Through cultivating a practice of gratitude, we are able to be more deliberate in holding a positive mindset—even when it does not come naturally.
Have you ever felt so tired, beat-down and stressed out that conjuring feelings of gratitude seemed downright ridiculous, and perhaps even a little infuriating? If so, you are not alone. The truth is, most of us have been raised in an environment where negativity trumps gratitude. Like all things we want to be better at, adopting a perspective of gratitude is something we must practice. Through cultivating a practice of gratitude, we are able to be more deliberate in holding a positive mindset—even when it does not come naturally.
1. Obstacle: You don’t feel grateful.
We take a shower when we aren’t in the mood, brush our teeth, go to work, prepare dinner and even exercise. Somehow when it comes to spiritual or personal development practices, we let ourselves off the hook if we “don’t feel like it.” We may not realize that even though spiritual self-care is less tangible, it is just as important as physical self-care.
Solution: “Fake it” till you make it.
Getting your gratitude in motion (i.e. taking action) is one of the most important aspects of shifting from a negative to a positive, grateful paradigm. Choosing to “fake it”—choosing gratitude even when you are not feeling particularly grateful—is the first step to actually becoming grateful. Just as uplifting or upbeat music can lift our mood, so does a conscious choice to express gratitude elevate our state of mind.
2. Obstacle: Lack of peer pressure.
Who will know, and frankly who will care, if you neglect to list the people and things for which you are grateful? There is no peer pressure, and little support, to encourage creating and sustaining a practice of gratitude.
Solution: Optimal self-care and support.
You are the main beneficiary of having a practice of gratitude, and others will benefit from your change in attitude. Establish your own sense of personal accountability and responsibility, and if this doesn’t work, form a supportive gratitude partnership with a friend or a life coach.
3. Obstacle: Unaware of benefits.
Gratitude seems like a great spiritual practice and a virtuous concept in theory. However, unless you practice it consistently, the cumulative effects and benefits are not readily apparent.
Solution: Record the advantages.
If you are unaware of the benefits or advantages of a new behavior, it is difficult to motivate yourself to begin it. By keeping track of the positive changes in your mood, behavior and overall sense of well-being, you will accumulate evidence of how the practice of gratitude is favorably effecting your life.
4. Obstacle: Practice becomes rote.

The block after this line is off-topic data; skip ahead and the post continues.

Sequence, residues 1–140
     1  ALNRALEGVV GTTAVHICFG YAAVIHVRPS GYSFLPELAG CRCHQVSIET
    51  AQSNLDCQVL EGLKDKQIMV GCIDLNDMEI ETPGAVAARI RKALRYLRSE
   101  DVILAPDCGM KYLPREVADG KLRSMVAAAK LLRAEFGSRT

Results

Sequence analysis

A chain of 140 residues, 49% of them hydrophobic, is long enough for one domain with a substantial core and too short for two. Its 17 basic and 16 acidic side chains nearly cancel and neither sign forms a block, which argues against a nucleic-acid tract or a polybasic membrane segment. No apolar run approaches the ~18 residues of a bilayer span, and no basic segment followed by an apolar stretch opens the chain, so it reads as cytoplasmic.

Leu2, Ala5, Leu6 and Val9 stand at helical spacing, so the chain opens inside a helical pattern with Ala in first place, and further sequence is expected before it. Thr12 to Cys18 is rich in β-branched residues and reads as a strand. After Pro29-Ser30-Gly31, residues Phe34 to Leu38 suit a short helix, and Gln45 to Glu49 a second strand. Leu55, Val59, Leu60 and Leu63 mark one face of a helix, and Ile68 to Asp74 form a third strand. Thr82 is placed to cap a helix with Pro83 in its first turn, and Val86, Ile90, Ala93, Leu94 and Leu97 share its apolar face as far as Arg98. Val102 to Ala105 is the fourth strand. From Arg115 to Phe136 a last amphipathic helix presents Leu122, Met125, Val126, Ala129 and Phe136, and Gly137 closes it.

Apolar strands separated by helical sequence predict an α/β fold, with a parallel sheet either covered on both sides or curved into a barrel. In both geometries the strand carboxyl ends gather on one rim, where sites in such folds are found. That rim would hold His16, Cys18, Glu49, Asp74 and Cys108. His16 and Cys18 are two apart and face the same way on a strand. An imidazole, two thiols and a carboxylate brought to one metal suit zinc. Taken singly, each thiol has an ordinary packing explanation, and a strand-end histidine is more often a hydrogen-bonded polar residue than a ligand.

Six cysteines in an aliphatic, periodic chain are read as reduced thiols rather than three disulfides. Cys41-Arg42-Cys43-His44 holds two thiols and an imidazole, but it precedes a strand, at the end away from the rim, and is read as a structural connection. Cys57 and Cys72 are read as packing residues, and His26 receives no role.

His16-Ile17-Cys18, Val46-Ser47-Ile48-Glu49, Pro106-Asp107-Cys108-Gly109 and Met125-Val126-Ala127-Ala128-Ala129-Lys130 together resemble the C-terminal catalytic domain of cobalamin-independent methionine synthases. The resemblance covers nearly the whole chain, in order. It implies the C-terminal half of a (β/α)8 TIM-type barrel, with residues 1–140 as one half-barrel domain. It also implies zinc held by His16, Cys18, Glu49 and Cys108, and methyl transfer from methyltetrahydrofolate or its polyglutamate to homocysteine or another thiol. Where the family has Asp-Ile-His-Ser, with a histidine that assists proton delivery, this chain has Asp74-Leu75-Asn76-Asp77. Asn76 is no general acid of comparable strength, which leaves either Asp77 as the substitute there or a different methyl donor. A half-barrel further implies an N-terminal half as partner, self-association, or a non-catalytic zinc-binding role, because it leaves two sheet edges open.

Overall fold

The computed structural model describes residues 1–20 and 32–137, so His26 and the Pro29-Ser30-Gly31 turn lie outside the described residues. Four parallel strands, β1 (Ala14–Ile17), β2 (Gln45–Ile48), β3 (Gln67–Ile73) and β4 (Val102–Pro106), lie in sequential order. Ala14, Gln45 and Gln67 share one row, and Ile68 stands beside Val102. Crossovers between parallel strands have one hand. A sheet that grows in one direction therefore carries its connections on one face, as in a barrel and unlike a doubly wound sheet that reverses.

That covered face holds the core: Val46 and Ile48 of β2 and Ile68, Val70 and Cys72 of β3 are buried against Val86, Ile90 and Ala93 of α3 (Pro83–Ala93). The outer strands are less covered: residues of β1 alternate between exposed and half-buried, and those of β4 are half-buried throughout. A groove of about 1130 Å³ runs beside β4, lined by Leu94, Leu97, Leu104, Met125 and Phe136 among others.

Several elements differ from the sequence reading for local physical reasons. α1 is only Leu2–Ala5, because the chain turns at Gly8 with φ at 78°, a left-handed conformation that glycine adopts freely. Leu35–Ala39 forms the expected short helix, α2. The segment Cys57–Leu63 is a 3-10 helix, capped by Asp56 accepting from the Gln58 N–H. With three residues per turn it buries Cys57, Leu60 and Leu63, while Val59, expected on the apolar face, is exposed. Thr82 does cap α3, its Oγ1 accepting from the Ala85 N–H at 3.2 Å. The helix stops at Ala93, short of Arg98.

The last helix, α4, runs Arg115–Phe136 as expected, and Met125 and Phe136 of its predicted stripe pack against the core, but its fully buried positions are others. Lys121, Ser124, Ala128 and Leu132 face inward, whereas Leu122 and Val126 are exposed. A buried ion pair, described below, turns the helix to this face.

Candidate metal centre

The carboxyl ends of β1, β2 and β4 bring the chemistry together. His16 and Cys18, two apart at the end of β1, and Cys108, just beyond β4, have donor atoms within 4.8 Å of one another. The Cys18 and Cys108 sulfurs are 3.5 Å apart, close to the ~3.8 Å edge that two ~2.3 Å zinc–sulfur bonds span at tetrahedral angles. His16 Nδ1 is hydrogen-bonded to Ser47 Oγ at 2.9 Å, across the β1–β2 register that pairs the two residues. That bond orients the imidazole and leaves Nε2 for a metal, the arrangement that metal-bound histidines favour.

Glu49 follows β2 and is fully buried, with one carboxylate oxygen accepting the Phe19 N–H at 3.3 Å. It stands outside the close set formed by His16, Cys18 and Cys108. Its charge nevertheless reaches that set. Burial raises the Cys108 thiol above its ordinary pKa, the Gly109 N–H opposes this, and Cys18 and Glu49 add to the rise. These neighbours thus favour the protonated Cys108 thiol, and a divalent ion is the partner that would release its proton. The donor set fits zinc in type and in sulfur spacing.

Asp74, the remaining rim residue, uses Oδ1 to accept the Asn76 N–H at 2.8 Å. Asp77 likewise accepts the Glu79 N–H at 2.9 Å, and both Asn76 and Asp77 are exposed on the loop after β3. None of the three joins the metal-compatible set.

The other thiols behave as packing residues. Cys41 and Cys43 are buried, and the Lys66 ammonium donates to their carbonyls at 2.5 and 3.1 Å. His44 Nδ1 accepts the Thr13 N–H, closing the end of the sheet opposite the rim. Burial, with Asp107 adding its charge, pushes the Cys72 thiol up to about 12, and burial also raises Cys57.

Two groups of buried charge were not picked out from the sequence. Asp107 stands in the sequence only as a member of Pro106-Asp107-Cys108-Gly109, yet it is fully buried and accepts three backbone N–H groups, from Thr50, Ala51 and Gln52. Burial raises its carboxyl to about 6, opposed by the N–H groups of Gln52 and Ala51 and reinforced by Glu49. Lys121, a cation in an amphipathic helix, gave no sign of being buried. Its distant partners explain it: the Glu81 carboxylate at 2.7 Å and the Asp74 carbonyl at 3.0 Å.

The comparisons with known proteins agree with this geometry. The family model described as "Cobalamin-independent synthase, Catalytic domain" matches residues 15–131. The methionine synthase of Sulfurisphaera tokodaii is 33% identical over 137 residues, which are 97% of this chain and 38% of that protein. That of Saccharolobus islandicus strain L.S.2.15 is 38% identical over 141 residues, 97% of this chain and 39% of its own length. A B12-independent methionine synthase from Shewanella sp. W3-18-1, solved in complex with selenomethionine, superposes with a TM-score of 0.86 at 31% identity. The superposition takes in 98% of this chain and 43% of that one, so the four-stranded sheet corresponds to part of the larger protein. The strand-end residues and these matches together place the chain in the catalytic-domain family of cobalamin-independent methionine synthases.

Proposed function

Most of us are enthusiastic when we start a new program, but gradually, the initial zeal wears off and our practice can become repetitive. Routine and boredom sets in, and perhaps we even think we have exhausted our list of gratitudes.
Solution: Introduce creative alternatives.
Keep it fresh and dynamic. Try practicing gratitude alphabetically, either aloud or in writing, beginning with “A,” express what you are grateful for that starts with the corresponding letter, continue until you have reached “Z.” You can even create a fun, interactive game with friends or family members in which you randomly call out letters and attempt to be first in naming your gratitude.
Verbally tell a friend how significant her friendship is to you. Give out spontaneous tokens of appreciation. Speak your gratitude out loud in your car.
5. Obstacle: Sleepiness sets in.
If you practice gratitude in the evening, you may find that it lulls you to sleep. You may have good intentions, but they seem to fade as tiredness takes over.
Solution: Get grateful at various times of day.
No specific time of day is better than another for gratitude. Simply making a point to be conscious of what you have to be grateful for during the day is all that matters.
6. Obstacle: Takes too much time.
You might be thinking that you don’t have time to add one more thing to your already hectic life.
Solution: Keep it brief.
Expressing gratitude can be as short as ten seconds. If your only two words are, “Thank you,” that would be enough. And, if you feel inspired, you can add specifics: such as, “Thank you for my life, my ability to breath, walk, talk, love.” Just be sincere, not necessarily lengthy.
Gratitude brings light into our hearts, spreads loving warmth throughout our bodies and radiates positive energy into the world. The more we consciously and consistently grow in our practice of gratitude, the more benefits we will experience.
Michele Wahlder is a Life & Career coach and the author of Alphatudes: The Alphabet of Gratitude (Life Possibilities Publishing 2009). Learn more about Michele at www.alphatudes.com and www.lifepossibilities.com.
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